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Consumer Sourcebook

Preface | User's Guide | Table of Contents | Print Sourcebook Adobe Acrobat Reader Symbol

Defective Goods

Many consumers assume that they have the legal right to return merchandise to a seller for a full refund shortly after buying it. Generally speaking, that assumption is not true. However, some important exceptions to this rule do exist. Furthermore, consumers often have important warranty rights and may "reject" or "revoke acceptance" of defective merchandise under some circumstances. You may also want to refer to the section on Warranties for additional information.

The Law

Under New Hampshire law, your right to return merchandise is usually created by a statute, contract, or store policy. If no statute, contract, or store policy creates that right, then a buyer cannot typically return the merchandise to the seller for a full refund.

Remedies do exist for New Hampshire consumers who need to return merchandise that is defective in some way. The Uniform Commercial Code (UCC) has a somewhat complicated set of rules that govern "acceptance," "rejection," and "revocation of acceptance" of goods. (For more information about the UCC, refer to Warranties) These rights often include a right to a reimbursement of any payments made, resulting in a remedy that looks like a "refund" to the consumer. Note, however, that slight changes in facts may completely change an outcome under the UCC. Several of the more common situations are illustrated below.

Example: Joyce Byer goes to the central New Hampshire outlet for StupendoMart and buys an 8" aluminum skillet. StupendoMart has a sign over its customer service desk that says "Absolutely no returns." Ms. Byer takes the pan home and immediately cooks up her favorite omelet in it. She decides that she really needs a 12" skillet which is only sold by StupendoMart's competitor, Hugestor. Ms. Byer does not have a legal right under NH law to return the pan for a full refund.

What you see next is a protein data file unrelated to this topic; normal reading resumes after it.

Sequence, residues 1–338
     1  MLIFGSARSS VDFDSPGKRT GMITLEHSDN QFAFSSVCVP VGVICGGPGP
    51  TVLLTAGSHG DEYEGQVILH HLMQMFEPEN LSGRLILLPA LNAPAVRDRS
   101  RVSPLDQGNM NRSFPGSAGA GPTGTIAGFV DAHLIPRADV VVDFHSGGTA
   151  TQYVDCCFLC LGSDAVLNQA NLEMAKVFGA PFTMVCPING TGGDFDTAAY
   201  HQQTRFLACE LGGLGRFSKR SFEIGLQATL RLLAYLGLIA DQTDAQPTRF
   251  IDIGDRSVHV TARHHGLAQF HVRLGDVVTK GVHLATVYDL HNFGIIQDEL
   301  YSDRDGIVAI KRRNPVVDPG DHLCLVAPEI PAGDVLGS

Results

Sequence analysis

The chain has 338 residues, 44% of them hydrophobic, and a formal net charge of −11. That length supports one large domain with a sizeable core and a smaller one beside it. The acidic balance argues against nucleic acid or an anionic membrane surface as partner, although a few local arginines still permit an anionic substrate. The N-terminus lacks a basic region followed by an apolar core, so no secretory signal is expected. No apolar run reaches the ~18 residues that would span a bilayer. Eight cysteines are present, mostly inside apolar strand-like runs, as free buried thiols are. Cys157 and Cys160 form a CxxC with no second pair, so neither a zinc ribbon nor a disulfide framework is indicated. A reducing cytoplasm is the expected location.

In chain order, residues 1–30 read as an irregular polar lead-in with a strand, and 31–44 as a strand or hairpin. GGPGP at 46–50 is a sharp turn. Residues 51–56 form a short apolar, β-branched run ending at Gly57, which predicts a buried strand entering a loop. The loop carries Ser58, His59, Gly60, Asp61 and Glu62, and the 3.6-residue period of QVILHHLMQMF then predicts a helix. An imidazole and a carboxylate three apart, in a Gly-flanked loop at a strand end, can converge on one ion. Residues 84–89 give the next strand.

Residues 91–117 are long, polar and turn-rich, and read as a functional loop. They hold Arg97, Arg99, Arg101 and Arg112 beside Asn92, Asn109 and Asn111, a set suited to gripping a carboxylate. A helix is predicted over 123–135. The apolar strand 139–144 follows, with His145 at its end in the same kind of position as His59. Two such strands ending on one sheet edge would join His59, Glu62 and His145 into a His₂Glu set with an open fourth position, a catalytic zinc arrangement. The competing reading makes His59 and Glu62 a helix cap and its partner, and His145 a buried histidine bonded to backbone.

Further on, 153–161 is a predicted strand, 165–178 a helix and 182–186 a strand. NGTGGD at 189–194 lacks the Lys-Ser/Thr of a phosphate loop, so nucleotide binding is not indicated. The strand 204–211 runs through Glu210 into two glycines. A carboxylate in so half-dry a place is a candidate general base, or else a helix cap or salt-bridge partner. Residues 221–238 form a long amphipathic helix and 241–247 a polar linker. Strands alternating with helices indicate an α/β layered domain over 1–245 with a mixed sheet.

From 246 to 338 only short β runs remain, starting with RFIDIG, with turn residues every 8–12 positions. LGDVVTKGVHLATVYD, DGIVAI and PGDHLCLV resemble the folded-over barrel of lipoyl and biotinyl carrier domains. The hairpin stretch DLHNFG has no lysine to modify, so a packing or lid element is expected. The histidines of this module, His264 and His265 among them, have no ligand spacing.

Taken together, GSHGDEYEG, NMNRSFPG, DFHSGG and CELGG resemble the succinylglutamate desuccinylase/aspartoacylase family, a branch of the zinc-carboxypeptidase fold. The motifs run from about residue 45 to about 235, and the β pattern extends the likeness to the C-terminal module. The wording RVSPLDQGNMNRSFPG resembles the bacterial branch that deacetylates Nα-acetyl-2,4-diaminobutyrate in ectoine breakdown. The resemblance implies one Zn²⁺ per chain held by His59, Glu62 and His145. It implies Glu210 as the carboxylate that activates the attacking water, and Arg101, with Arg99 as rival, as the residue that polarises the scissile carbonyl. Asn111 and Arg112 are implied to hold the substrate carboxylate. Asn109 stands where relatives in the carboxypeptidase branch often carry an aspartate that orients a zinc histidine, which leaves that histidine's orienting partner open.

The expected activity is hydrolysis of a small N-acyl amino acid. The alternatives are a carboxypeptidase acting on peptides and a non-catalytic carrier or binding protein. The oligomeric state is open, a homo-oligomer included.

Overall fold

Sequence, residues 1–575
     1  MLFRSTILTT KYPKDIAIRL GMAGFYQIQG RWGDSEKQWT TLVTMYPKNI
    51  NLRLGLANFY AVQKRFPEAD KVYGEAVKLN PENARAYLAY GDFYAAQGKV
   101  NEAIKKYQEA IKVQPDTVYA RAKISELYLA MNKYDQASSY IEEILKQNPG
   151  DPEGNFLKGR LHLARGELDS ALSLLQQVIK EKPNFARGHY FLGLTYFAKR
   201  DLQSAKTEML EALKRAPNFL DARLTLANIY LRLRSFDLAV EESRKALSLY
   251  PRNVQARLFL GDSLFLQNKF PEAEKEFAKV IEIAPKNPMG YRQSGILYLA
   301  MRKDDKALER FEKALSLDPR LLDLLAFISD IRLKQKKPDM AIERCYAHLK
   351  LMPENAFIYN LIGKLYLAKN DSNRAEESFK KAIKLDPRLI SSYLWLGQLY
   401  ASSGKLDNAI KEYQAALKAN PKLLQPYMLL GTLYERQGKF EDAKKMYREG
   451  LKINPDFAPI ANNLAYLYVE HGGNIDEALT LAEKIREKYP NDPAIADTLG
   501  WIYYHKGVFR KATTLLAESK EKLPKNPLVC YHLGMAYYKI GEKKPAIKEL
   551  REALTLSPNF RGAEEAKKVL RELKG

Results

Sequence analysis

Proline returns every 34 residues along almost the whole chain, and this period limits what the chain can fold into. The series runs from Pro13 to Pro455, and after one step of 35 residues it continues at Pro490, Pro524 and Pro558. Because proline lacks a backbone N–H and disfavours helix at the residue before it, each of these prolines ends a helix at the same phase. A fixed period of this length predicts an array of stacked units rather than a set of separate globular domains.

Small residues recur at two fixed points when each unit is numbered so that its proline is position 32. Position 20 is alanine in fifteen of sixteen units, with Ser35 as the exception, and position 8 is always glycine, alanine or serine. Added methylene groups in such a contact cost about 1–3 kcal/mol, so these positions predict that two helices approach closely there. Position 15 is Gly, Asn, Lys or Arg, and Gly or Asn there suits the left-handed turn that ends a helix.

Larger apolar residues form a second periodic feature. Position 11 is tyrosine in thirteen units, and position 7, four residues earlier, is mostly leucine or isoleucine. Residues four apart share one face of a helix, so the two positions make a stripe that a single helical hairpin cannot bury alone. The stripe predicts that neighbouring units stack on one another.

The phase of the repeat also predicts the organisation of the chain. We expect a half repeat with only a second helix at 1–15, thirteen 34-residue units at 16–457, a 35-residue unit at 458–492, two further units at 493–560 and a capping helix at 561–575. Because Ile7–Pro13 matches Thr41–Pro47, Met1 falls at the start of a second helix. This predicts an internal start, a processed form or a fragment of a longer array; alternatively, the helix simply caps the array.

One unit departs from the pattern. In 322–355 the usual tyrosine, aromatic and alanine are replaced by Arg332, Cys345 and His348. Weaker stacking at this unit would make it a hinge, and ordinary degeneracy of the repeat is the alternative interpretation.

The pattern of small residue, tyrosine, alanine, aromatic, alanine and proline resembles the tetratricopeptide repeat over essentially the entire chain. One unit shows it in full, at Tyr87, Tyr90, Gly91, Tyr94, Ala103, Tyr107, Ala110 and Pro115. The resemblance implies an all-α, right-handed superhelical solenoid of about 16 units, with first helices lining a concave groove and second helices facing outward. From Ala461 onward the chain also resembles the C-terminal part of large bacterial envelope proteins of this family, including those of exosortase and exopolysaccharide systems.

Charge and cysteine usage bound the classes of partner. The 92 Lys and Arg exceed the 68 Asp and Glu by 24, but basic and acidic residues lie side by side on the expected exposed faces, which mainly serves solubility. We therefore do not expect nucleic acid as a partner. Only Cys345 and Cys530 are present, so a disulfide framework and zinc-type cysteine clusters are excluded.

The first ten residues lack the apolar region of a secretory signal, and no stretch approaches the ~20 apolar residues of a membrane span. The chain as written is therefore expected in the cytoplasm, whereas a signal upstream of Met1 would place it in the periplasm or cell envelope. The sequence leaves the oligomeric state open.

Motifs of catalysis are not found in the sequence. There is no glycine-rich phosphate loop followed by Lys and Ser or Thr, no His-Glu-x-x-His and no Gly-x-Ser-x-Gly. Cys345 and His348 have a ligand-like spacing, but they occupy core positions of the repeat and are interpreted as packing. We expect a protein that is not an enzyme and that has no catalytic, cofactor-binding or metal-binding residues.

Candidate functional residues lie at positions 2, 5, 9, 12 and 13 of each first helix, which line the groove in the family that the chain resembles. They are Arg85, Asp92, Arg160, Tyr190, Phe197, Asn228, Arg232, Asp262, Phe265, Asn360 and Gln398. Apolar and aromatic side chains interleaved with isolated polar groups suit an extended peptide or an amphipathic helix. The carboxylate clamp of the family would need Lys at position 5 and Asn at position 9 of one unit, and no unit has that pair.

Rejection of a Good

A rejection of a good happens when a buyer purchases a good (or merchandise) and finds out that it fails to conform to the sales contract, including all express or implied warranties. You should note that according to the UCC, rejection occurs before the buyer actually "accepts" the good.

Accepting a Good Then Revoking the Acceptance

Ordinarily, a consumer goes to the store, inspects a representative sample of a good, selects that sample or a packaged item of the same kind, pays for the good, takes it out of the store and uses it. Under the UCC, the buyer's "acceptance" would usually be found to have occurred when the buyer walked out of the store with the good.

Example: Joyce Byer goes to the central NH outlet for StupendoMart and selects an 8" aluminum skillet from the shelf. The salesclerk hands her a box that says "8 Inch Scorcheze Aluminum SauceChef Skillet." After paying for the pan and while standing around in the store waiting for her friend to finish shopping, Ms. Byer notices that the box contains a 10" skillet, not an 8" one. StupendoMart has a sign over its customer service desk that states "Absolutely no returns." Ms. Byer probably has a right to reject the 10" skillet and demand a refund.

But what happens when a buyer "accepts" the merchandise and later discovers that it fails to meet the sales contract and warranty requirements? The buyer may be able to revoke acceptance of the merchandise, and, in effect, secure a "refund." Under the UCC, a buyer may revoke acceptance of merchandise that fails to satisfy sales contract requirements if: